Wednesday, July 15, 2015
The China Study Cookbook: Over 120 Whole Food, Plant-Based Recipes by LeAnne Campbell, T. Colin Campbell
I have lowered my rating from 4 stars to 3 after having tried more of these recipes. The recipes are plant-based and include little or no added fat and salt and minimal amounts of added sugars. I think one problem is the no added fats. Many foods are much better with added fats. I also do not like the replacement foods and fake foods that are suggested. Because the China Study Diet recommends no dairy, they recommend non-dairy milks - and if you purchase commercially made ones, almost all of them have carrageenan, in them which is inflammatory and carcinogenic. Plus, most of them, with the exception of soy milk, which is controversial due to the hormonal effect, come in large containers and the recipes call for small amounts and then the rest of it goes bad because it is gross tasting and no one in my house will drink it as a drink. We have tried soy milks, almond milks, rice milks, hemp milk and coconut milks. I do like canned coconut milk in some recipes, but if it does not use the whole can then I have leftover coconut milk that often goes bad if I can't figure out what to do with the rest of it. Many of the recipes call for sucanant, which is raw sugar, to replace refined sugar. I don't know if it is any healthier, but it does not taste the same and we don't like it. Other recipes call for agave, which some studies now say is not healthier than sugar. I prefer to use honey and maple syrup as sugar replacements when I can or else just use sugar.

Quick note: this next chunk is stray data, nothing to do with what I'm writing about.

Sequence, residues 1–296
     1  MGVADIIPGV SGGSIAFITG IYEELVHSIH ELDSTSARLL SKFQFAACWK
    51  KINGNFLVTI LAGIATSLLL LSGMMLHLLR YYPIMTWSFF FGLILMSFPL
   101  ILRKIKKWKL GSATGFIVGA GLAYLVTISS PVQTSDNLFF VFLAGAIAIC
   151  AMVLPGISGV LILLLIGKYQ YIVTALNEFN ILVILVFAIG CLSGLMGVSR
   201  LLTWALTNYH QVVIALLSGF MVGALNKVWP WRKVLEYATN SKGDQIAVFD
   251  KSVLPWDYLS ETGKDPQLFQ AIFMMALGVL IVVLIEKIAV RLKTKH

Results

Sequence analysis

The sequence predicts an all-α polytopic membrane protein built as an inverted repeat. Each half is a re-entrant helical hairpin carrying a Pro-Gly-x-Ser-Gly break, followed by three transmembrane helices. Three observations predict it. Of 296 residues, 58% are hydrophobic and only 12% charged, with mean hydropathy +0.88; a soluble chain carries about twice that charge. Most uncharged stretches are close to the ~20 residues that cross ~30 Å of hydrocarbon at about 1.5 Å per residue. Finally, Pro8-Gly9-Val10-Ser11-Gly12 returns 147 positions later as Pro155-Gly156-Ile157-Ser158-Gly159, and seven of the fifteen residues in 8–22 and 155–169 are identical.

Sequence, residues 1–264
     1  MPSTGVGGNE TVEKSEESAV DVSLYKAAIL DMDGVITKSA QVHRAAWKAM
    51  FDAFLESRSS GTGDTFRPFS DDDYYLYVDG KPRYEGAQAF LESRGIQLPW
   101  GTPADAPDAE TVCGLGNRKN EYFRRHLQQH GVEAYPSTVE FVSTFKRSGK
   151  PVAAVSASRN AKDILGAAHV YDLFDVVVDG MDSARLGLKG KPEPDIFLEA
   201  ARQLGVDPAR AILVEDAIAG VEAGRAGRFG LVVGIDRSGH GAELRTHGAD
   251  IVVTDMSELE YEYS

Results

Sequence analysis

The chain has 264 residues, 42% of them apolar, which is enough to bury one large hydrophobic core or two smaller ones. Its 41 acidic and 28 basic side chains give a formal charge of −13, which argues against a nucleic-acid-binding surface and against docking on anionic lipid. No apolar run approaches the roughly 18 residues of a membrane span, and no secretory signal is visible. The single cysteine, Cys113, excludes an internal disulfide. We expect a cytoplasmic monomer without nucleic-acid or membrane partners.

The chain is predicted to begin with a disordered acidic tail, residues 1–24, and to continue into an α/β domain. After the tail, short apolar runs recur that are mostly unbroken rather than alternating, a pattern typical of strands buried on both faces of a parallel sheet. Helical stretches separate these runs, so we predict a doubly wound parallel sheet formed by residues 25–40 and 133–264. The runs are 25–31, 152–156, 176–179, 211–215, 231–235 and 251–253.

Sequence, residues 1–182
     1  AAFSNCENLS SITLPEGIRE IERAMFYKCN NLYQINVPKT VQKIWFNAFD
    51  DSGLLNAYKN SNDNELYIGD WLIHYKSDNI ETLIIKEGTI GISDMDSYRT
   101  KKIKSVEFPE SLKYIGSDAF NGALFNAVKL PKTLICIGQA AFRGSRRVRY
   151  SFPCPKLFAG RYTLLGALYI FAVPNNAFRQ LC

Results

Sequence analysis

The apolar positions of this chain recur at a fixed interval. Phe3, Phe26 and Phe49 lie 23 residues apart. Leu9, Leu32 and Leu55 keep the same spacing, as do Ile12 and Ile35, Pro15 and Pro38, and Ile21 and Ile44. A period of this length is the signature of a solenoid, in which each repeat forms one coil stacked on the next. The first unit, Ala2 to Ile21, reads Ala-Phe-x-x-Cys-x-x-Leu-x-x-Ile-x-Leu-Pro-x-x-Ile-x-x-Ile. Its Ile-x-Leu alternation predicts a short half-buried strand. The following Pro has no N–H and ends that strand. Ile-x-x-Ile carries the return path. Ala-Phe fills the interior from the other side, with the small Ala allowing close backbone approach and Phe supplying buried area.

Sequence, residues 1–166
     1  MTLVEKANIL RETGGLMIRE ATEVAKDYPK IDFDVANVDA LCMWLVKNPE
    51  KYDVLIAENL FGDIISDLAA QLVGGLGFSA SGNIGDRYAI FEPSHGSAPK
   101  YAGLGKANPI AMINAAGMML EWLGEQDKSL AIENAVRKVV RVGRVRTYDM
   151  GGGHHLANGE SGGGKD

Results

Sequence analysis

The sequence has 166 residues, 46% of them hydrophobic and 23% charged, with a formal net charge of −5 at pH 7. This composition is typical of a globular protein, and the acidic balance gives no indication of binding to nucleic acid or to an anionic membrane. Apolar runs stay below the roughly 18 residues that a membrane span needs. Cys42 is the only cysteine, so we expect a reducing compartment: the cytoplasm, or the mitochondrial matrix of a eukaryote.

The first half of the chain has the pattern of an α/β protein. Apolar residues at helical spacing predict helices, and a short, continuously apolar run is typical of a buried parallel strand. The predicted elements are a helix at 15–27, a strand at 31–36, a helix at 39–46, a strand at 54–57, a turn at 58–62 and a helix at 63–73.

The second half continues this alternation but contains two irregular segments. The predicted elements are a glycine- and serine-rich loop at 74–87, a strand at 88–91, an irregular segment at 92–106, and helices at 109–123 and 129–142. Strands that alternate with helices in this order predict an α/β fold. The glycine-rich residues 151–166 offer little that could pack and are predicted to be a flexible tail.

So, I do think that these recipes can be good for some people - especially those who currently follow the SAD diet and are unhealthy, but I am not thrilled with some of the ingredients in them.